Here’s the top three things I learnt about the golf industry in July:

Alistair Dunsmuir
By Alistair Dunsmuir July 30, 2014 15:06

Here’s the top three things I learnt about the golf industry in July:

3. There should be a rock ‘n’ roll ‘n’ golf hall of fame

This month we learnt that 2011 Open champion Darren Clarke has decided to ‘live’ (barring the amount of time he spends in the USA, which is most of it) on a British golf course owned by the former guitarist in heavy metal band Judas Priest, KK Downing.

It seemed an unlikely pairing until we did a bit of research, and it turns out rock n’ roll stars love nothing more than a round of golf when they’re not hell-raising.

Alice Cooper says he’s addicted to the game, Pink Floyd’s Roger Waters is a member at Sunningdale and even Meat Loaf has a handicap.

downing and clarke
2. The gap between rich and poor golf clubs is getting wider

This month we had a successful Open at one of the UK’s top clubs, Royal Liverpool, and shortly the mammoth Ryder Cup will tee off at the spectacular Gleneagles resort.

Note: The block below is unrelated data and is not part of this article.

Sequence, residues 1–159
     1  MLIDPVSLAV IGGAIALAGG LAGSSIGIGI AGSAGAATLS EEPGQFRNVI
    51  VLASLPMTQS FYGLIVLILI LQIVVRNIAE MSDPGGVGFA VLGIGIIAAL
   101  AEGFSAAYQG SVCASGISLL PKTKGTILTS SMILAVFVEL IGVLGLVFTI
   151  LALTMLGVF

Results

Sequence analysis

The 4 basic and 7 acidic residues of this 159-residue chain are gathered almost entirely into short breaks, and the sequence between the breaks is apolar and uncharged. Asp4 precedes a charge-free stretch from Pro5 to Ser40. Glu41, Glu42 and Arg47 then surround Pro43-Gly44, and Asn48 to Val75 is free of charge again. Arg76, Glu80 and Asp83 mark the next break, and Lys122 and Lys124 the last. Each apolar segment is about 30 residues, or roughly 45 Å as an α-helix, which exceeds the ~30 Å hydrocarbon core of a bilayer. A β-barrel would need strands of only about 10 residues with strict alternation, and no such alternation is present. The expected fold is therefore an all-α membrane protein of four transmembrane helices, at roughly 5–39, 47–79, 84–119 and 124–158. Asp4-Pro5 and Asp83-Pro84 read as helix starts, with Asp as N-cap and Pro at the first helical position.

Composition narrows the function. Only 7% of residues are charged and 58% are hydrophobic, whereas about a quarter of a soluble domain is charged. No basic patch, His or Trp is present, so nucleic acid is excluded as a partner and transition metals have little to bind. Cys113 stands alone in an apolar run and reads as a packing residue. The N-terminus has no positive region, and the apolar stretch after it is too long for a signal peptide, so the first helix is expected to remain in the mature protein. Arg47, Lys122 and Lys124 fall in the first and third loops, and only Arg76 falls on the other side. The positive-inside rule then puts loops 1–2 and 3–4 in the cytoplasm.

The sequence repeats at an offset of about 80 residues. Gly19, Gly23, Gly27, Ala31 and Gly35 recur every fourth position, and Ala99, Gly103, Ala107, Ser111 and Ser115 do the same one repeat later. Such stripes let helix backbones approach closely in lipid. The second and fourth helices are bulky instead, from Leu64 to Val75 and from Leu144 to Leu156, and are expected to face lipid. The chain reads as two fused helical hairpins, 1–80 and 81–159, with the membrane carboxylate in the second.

On the surface it looks as if golf is as rich as ever. But down the road from both clubs a different story is being told. A deal to save one of the oldest municipal golf courses in the UK, Allerton, in Liverpool, has collapsed, while North Inch Golf Course in Scotland, which has seen golf since at least the 15th century, is in danger of closing due to a lack of investment.

1. There are some great ideas to save golf, but only one will really work

This month we found an American golf course that has introduced bicycle golf to its course, which seems a lot of fun, and several venues have experimented with more than tripling the size of the holes, and have posted promising results. In both cases these initiatives have attracted new golfers and faster rounds.

But as we discovered from England Golf’s plan to save golf, which has now been launched, we need more. More than 200,000 people have ended their membership of golf clubs in the last decade without being replaced.

Fortunately, a survey has shown that clubs can get all their members back, and then some. They just have to appeal to that section of society they’ve largely ignored for the last few hundred years: women.

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Alistair Dunsmuir
By Alistair Dunsmuir July 30, 2014 15:06
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